Results appearing in Nature Genetics take total number of low-risk genetic breast cancer sites to 18.
Five new genetic regions have been identified that appear to increase the risk of developing breast cancer by 6–16%, according to researchers from the Institute of Cancer Research. The results, from what they claim is the largest genome-wide analysis of breast cancer patients to date, suggest that most of the new regions predispose predominantly toward estrogen receptor-positive breast cancers. The team says that this observation could lead to new avenues of research for the use of drugs such as tamoxifen.
The study is published in Nature Genetics in a paper titled “Genome-wide association study identifies five new breast cancer susceptibility loci.” The first stage of the genome-wide association study involved genotyping 582,886 SNPs in 3,659 cases of breast cancer with a family history of the disease and 4,897 controls. Promising genetic associations were then evaluated in a second stage that involved 12,576 cases and 12,223 controls.
The results generated five new susceptibility loci on chromosomes 9, 10, and 11. The study also suggested that SNPs in the 6q25.1 and LSP1 regions had a more significant association with risk than had previously been reported. The authors, led by professor Doug Easton, M.D., director of Cancer Research UK’s genetic epidemiology unit at the University of Cambridge, say the findings mean that a total of 18 common, low-risk genetic sites have now been linked with an increased risk of breast cancer.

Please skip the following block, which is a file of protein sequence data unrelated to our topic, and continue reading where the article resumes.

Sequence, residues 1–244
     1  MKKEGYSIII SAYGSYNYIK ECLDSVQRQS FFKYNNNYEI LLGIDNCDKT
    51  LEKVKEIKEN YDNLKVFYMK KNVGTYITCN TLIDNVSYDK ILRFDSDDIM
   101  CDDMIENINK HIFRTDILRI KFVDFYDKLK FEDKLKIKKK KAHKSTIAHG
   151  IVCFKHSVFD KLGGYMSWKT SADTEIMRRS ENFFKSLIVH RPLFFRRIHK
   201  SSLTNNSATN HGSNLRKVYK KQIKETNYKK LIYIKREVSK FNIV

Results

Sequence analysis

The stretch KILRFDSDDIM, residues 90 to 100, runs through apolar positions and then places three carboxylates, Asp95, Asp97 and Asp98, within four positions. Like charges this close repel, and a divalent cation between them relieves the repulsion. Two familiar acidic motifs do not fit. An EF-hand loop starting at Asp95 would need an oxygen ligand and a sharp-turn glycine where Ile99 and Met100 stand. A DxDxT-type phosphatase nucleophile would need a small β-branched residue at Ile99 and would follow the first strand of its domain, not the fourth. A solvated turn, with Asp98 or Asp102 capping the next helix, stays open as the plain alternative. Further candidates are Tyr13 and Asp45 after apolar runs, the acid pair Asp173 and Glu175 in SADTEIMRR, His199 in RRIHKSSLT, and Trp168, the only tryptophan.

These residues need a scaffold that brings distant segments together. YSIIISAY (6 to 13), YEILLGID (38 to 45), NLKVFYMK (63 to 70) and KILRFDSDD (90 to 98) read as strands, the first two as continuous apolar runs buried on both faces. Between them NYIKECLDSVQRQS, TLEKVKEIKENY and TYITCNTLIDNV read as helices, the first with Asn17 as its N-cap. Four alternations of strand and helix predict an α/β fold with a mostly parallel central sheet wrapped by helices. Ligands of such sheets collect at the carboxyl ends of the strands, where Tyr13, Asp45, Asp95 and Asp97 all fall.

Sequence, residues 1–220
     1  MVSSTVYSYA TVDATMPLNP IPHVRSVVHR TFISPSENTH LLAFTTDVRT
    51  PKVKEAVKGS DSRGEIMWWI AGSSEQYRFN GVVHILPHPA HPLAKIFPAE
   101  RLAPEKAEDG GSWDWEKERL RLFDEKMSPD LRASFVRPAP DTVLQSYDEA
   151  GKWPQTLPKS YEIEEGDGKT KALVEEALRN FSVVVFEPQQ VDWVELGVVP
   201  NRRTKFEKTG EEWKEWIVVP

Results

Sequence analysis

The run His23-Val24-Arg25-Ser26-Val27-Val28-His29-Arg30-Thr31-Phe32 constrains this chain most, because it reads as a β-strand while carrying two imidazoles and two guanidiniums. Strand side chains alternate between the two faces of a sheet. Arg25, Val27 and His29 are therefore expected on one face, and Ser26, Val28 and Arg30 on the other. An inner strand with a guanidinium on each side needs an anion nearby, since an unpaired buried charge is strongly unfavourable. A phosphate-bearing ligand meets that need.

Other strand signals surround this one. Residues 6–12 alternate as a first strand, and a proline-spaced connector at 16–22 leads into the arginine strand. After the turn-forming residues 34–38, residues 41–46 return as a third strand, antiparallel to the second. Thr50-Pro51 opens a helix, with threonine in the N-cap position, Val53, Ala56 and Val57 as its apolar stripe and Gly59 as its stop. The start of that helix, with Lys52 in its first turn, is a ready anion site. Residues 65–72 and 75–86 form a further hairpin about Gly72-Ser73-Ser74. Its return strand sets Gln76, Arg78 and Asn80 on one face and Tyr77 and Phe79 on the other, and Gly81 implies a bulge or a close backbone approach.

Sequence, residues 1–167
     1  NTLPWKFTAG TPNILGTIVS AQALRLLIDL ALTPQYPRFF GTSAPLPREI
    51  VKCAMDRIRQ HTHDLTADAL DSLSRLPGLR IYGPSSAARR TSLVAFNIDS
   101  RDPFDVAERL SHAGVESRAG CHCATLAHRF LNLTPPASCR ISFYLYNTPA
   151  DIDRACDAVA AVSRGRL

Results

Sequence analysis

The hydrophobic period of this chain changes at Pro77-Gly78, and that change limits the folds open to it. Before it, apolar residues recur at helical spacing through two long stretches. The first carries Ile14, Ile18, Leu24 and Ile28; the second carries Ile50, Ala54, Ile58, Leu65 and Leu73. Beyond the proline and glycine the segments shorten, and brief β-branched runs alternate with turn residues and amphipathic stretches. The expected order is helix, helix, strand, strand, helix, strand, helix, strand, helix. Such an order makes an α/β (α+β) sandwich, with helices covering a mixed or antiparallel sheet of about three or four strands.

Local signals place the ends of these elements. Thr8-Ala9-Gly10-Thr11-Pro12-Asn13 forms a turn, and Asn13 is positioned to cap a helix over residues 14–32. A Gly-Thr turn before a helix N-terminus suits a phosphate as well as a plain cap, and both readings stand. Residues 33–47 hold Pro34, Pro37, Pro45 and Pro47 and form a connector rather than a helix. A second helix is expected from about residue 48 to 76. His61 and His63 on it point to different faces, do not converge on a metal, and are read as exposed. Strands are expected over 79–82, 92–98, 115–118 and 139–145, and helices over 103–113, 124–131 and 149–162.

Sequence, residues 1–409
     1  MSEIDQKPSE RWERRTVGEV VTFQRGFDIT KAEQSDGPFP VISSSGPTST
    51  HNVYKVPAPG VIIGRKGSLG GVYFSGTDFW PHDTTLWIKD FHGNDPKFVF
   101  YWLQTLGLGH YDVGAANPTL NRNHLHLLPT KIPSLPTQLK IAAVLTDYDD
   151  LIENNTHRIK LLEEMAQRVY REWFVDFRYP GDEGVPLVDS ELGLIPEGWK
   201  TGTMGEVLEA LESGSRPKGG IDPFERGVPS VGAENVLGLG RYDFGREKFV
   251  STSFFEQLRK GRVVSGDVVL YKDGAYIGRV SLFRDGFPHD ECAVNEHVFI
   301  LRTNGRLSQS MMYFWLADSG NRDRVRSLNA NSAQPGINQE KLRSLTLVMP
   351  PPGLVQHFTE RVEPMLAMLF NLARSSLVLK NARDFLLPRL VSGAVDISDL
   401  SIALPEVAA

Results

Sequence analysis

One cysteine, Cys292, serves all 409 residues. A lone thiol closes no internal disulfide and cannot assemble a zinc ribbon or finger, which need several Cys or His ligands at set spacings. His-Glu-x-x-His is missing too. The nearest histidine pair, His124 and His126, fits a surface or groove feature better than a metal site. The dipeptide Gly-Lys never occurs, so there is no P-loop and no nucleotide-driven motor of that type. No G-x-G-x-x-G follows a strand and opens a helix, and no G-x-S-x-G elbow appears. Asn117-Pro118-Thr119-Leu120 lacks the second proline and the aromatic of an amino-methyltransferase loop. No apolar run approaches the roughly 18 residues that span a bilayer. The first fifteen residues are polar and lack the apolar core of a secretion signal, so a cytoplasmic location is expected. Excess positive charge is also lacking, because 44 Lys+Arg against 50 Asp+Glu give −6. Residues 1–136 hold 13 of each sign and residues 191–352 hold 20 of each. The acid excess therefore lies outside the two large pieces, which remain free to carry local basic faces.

“The newly identified loci explain approximately 1.2% of the familial risk of breast cancer, though the overall contribution may be larger because the true causal variants may be more strongly associated with disease than the SNPs tagging them in this study,” they report. “Taken together with estimates from previous studies, the 18 confirmed breast cancer susceptibility loci explain approximately 8% of the familial risk of breast cancer, whereas rarer mutations in the known high-risk loci [principally BRCA1 and BRCA2] and moderate-risk loci explain about a further 20%.”
Although one of the newly identified loci contains CDK2NA, a gene that has also been linked to melanoma, the authors stress that more work will be needed to definitively pinpoint which genes are causing the increased breast cancer risk. They also suggest that identifying even more genetic loci will help both with the search for new treatments and with more accurate predictive tests.
“While each of these sites has a small impact on breast cancer risk, by finding more of these genes we may be able to develop a test that can predict more reliably a woman’s risk of developing breast cancer,” Dr. Easton concludes. The work was funded by Cancer Research UK and the Wellcome Trust.